Slow Food Ark of Taste application deadline approaching

Bear Braumoeller's picture

Greetings all,

This is just a quick note to let you know that the August 3 deadline for the Slow Food USA Ark of Taste program is approaching.  Slow Food's Ark of Taste program has been growing in the U.S., but we'd like to see more representation in the midwest in particular.  The Ark of Taste is, essentially, an endangered species program for food; Ark products are raised sustainably, delicious, at risk, culturally or historically linked to a specific region, and produced in limited quantities.

Ark products are listed on the Slow Food USA website and on LocalHarvest, where producers are listed as well; in addition, Ark producers are eligible for grants like the Betsy Lydon award.  We'd like to be able to make more of our local producers eligible for such benefits. The one-page application is available at the Ark website.  We would appreciate it if you would consider helping us to raise awareness of this program by forwarding this message to producers of foods you think would be eligible for Ark status or, if you are a producer, sending in an application yourself. We're happy to fill out part of it or offer our thoughts, but our thinking is that producers know more of the details that would make an application likely to be accepted.

Thanks for your time and consideration!

Bear Braumoeller
Chapter co-leader
Slow Food Columbus

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Nice opportunity, getting the word out

Casey Hoy's picture

Thanks for the post, Bear, this looks like a good opportunity to tell the story of unique food and farms.  This posting will reach quite a few people who can forward it on.  We'd be glad to send it out through the Agroecosystems Management Program email list(s).  Casey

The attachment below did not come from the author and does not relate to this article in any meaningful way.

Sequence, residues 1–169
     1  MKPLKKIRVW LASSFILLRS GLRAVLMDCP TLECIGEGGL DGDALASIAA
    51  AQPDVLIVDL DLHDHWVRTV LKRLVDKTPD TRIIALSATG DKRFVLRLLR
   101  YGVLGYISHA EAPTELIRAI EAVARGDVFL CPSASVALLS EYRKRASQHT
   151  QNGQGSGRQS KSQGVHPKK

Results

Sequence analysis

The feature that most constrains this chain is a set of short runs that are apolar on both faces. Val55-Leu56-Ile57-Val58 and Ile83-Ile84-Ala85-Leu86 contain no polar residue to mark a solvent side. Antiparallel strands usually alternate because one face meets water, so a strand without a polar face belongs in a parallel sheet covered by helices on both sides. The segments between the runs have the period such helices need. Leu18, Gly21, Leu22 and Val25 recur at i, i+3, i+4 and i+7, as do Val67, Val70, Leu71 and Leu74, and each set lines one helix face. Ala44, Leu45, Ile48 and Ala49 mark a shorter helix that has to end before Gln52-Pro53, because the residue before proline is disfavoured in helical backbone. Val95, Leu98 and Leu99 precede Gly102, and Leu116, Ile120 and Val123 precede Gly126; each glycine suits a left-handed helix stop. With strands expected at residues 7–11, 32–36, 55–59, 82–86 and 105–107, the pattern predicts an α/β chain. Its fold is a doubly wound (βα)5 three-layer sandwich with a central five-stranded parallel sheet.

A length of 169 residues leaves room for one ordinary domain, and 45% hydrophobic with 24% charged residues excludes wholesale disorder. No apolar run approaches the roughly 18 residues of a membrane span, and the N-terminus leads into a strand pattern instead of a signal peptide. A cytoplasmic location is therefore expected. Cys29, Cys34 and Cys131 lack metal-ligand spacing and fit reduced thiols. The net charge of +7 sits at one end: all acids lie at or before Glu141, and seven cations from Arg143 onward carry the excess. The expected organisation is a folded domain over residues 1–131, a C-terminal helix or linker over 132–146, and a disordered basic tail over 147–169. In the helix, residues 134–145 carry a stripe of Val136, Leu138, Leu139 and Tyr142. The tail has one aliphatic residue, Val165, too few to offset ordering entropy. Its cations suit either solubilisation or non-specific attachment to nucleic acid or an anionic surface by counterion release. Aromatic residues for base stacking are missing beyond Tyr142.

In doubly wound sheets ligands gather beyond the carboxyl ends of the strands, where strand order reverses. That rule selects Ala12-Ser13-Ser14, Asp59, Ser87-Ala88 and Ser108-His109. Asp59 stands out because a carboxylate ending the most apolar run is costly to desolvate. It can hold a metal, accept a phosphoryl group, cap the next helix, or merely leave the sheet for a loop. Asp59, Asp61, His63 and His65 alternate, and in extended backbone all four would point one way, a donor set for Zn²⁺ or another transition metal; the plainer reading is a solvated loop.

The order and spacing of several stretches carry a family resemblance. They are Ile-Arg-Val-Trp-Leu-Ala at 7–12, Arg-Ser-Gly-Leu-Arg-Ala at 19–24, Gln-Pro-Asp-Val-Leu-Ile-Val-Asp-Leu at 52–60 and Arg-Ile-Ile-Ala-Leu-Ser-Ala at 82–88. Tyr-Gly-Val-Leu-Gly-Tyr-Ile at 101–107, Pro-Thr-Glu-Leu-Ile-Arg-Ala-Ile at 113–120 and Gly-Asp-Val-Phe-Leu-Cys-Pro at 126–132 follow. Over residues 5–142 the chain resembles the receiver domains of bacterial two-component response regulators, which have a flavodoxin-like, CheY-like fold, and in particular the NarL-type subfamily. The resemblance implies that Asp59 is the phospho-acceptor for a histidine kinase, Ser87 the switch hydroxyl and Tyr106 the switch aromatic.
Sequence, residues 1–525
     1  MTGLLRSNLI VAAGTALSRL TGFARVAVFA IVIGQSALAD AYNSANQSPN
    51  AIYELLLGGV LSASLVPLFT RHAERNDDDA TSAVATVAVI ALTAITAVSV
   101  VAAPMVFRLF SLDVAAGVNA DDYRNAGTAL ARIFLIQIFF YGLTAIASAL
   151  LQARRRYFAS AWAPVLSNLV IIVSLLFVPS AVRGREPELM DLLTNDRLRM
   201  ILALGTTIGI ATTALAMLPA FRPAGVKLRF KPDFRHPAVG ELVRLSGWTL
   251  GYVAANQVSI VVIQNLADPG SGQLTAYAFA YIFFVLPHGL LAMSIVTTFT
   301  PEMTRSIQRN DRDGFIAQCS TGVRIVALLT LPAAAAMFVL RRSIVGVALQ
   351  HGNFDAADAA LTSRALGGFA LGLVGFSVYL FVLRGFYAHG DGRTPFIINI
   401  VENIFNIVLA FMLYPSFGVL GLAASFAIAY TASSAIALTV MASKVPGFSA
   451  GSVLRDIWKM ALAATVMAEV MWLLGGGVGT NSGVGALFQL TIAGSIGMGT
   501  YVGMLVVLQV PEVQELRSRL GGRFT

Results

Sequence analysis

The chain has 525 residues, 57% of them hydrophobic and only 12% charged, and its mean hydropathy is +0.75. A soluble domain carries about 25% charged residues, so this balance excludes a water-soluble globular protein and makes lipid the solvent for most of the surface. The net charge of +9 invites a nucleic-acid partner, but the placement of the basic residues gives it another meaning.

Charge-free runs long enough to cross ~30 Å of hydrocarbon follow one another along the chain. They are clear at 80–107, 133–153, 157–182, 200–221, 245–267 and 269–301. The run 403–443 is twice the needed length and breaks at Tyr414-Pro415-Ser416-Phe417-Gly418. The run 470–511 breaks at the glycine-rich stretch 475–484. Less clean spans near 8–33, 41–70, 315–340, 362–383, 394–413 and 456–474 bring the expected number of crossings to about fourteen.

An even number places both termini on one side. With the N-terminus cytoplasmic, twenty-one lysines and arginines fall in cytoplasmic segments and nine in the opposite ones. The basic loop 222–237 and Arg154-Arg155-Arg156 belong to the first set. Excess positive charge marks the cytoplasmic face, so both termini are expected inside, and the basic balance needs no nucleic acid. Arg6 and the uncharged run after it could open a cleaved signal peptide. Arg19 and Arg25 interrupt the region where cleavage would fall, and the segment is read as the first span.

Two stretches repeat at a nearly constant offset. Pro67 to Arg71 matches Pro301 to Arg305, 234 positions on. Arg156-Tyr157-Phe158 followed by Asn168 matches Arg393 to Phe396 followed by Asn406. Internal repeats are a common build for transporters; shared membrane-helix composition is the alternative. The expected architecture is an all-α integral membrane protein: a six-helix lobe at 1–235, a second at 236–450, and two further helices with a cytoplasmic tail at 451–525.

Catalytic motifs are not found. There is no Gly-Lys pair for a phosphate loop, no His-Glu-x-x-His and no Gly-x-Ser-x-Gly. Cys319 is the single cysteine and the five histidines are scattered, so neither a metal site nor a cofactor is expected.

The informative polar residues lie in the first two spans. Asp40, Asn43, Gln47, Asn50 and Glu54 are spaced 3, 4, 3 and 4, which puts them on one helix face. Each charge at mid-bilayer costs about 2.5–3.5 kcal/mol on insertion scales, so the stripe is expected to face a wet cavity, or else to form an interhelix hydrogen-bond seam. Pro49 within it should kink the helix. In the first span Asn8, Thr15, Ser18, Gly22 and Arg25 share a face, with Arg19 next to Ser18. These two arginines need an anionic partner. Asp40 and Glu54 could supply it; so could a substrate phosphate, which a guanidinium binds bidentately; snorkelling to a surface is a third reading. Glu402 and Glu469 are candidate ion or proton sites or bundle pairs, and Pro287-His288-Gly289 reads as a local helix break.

Bear- I encourage you also to

AppStaple's picture


I encourage you also to post on Like this site, you will have to join to post, but here in SE Ohio there are many innovators/food producers/farmers who might want to know more about what you are doing.

BTW- I was looking at the regional lists of foods and think many that are listed for the SE are right for Ohio, at least the Appalachian region. Farmers here are producing Sorghum Mollasses, and there are many Shagbark Hickory, American Persimmon.  I know a farmer who grows Butternuts, and Paw Paw recently was named the native fruit of Ohio. There are more I am sure, and when time permits, I will look into traditions of potatoes, grains, beans and the like that were grown in Appalachia before the great move to industrial farming and food.




Bear Braumoeller's picture

Hi Michelle and Casey,

Thanks for your responses!  My colleague Bethia Woolf just posted the same notice on, so with any luck we'll be getting the word out there too.  I didn't want to post to the general list here because I wasn't sure what the norms are and it seemed like there are a LOT of people on that list, but this one seemed like the right place.

Pawpaws are an Ark of Taste product, and a success story in many ways.  Neal Peterson received a Betsy Lydon award from Slow Food a while back.  We'd love to see more of that; the efforts of people like Neal, Chris Chmiel, and others to promote them should be recognized.  We featured them at our farm to table dinner last fall, and very few people had ever had one before; most everyone really enjoyed them.